• Get the account under which the service is running

  • Get the state of the service (e.g., stopped, paused, running)

  • Get the method by which the service is started (as a ServiceStartMode enumeration value)

  • Get startup parameters for the service

  • Change the password for the account under which the service is running

  • Stop, pause, start, and resume the service

  • Refresh the service

  • Set the account under which the service runs

The collection of Service objects is accessed though the Services property.


The SMO classes for WMI are described in Table 13-3.

Table 13-3. SMO classes used with the WMI Provider for Configuration Management

Class

Description

ClientProtocol

Represents a client network protocol that allows the client to communicate with a SQL Server instance over a network.

ClientProtocolCollection

Represents a collection of client protocols as ClientProtocol objects. The ClientProtocols property of the ManagedComputer class returns the client protocols defined on the WMI installation.

ClientProtocolProperty

Represents an attribute of a WMI client network protocol.

ClientProtocolPropertyCollection

Represents a collection of client protocol properties as ClientProtocolProperty objects. The ProtocolProperties property of the ClientProtocol class returns the attributes of the client protocol.

IPAddressProperty

Represents an attribute of an IP address.

IPAddressPropertyCollection

Represents a collection of IP address properties as IPAddressProperty objects. The IPAddressProperties property of the ServerIPAddress class returns the attributes of the IP address.

ManagedComputer

Represents a WMI installation on a SQL Server instance.

NetLibInfo

Represents information about a network library file. The NetLibInfo property of the ClientProtocol class returns the NetLibInfo object for the protocol.

ServerAlias

Represents an alias for a server connection.

ServerAliasCollection

Represents a collection of server aliases as ServerAlias objects. The ServerAliases property of the ManagedComputer class returns the server aliases defined on the WMI installation.

ServerInstance

Represents a SQL Server instance.

ServerInstanceCollection

Represents a collection of SQL Server instances as ServerInstance objects. The ServerInstances property of the ManagedComputer class returns the server instances defined on the WMI installation.

ServerIPAddress

Represents an IP address of a server protocol defined on the WMI installation.

ServerIPAddressCollection

Represents a collection of IP addresses as ServerIPAddress objects. The IPAddresses property of the ServerProtocol class returns the IP addresses defined on the WMI installation.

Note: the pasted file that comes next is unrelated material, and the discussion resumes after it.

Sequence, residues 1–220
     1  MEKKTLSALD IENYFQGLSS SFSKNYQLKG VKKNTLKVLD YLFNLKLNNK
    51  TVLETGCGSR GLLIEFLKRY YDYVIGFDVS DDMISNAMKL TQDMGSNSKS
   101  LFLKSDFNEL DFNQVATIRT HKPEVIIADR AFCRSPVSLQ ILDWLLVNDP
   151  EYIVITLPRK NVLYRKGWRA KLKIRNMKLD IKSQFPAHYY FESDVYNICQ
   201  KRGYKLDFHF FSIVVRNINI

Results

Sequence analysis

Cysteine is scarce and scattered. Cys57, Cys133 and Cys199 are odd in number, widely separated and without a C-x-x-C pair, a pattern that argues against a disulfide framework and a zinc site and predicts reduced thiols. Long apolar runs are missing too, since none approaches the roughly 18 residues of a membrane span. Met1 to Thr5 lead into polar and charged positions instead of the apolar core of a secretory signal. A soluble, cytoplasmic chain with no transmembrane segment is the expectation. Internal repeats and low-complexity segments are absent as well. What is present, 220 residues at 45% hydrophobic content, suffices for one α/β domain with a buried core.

ServerProtocol

Represents a server network protocol that allows the server to communicate with SQL Server clients over a network.

ServerProtocolCollection

Represents a collection of server protocols as ServerProtocol objects. The ServerProtocols property of the ManagedComputer class returns the server protocols defined on the WMI installation.

ServerProtocolProperty

Represents an attribute of a WMI server network protocol.

ServerProtocolPropertyCollection

Represents a collection of server protocol properties as ServerProtocolProperty objects. The ProtocolProperties property of the ServerProtocol class returns the attributes of the server protocol.

Service

Represents an instance of a SQL Server service.

ServiceCollection

Represents a collection of SQL Server services as Service objects. The Services property of the ManagedComputer class returns the services defined on the WMI installation.

WmiConnectionInfo

Represents connection information used by a WMI installation. The ConnectionSettings property of the ManagedComputer class returns the WmiConnectionInfo object for the WMI installation.


13.1.2. Creating a Server Alias

This example demonstrates how to create new SMO WMI objects. The example creates a new server alias on the local SQL Server instance. It does so by instantiating a new ServerAlias object, associating it with the ManagedComputer object that represents WMI, and then invoking the Create( ) method of ServerAlias.

    using System;
    using System.Data;

    using Microsoft.SqlServer.Management.Common;
    using Microsoft.SqlServer.Management.Smo;
    using Microsoft.SqlServer.Management.Smo.Wmi;

    class Program
    {
        static void Main(string[] args)
        {
            ManagedComputer mc = new ManagedComputer(  );

            ServerAlias sa = new ServerAlias(  );
            sa.ConnectionString = "1433";
            sa.Name = "PSS2005 Alias";
            sa.Parent = mc;
            sa.ProtocolName = "tcp";
            sa.ServerName = "locahost";
            sa.Create(  );

            Console.WriteLine(Environment.NewLine + "Press any key to continue.");
            Console.ReadKey(  );
        }
    }

Figure 13-3 shows the new alias using the SQL Server Configuration Manager tool (Start Microsoft SQL Server 2005 Configuration Tools SQL Server Configuration Manager).

Figure 13-3. Creating a server alias results


13.1.3. Starting and Stopping a Service

This example shows how to stop and start a service by stopping and restarting SQL Server Reporting Services:

    using System;
    using System.Data;

    using Microsoft.SqlServer.Management.Common;
    using Microsoft.SqlServer.Management.Smo;
    using Microsoft.SqlServer.Management.Smo.Wmi;
    using System.Threading;

    class Program
    {
        static void Main(string[] args)
        {
            ManagedComputer mc = new ManagedComputer(  );

            Service 
 s = mc.Services["ReportServer"];
            Console.WriteLine("ReportServer status: " + s.ServiceState);

            s.Stop(  );
            Thread.Sleep(10000);
            s.Refresh(  );
            Console.WriteLine("ReportServer status: " + s.ServiceState);
            s.Start(  );
            Thread.Sleep(10000);
            s.Refresh(  );
            Console.WriteLine("ReportServer status: " + s.ServiceState);

            Console.WriteLine(Environment.NewLine + "Press any key to continue.");
            Console.ReadKey(  );
        }
    }

Results are shown in Figure 13-4.

Figure 13-4. Results from stopping and starting service example


The Service class has methods to control the state of a serviceStart( ), Pause( ), Resume( ), and Stop( ). The AcceptsPause and AcceptsStop properties should be checked before calling Pause( ) or Stop( ) to ensure that the service can be paused or stopped.

The example uses the static Sleep( ) method of the THRead class to pause for 10 seconds to allow the service state change operations to complete. The Refresh( ) method of the Service class refreshes the SQL Server service to ensure the status is current.